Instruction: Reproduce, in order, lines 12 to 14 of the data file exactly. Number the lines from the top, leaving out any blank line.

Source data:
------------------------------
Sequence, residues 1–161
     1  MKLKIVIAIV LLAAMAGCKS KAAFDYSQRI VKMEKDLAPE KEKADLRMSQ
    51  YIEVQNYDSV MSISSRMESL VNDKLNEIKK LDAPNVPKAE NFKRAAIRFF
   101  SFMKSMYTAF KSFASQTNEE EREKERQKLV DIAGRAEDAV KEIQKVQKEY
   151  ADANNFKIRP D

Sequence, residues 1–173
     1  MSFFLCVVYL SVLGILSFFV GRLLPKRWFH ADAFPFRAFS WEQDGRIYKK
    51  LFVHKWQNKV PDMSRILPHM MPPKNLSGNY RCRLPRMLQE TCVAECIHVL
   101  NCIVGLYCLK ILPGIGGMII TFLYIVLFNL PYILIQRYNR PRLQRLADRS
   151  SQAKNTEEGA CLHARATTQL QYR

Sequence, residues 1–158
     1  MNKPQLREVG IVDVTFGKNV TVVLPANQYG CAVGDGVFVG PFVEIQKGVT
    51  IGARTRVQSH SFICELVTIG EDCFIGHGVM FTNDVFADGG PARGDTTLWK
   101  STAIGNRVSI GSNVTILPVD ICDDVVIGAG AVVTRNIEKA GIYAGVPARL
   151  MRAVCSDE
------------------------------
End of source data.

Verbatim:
     1  MNKPQLREVG IVDVTFGKNV TVVLPANQYG CAVGDGVFVG PFVEIQKGVT
    51  IGARTRVQSH SFICELVTIG EDCFIGHGVM FTNDVFADGG PARGDTTLWK
   101  STAIGNRVSI GSNVTILPVD ICDDVVIGAG AVVTRNIEKA GIYAGVPARL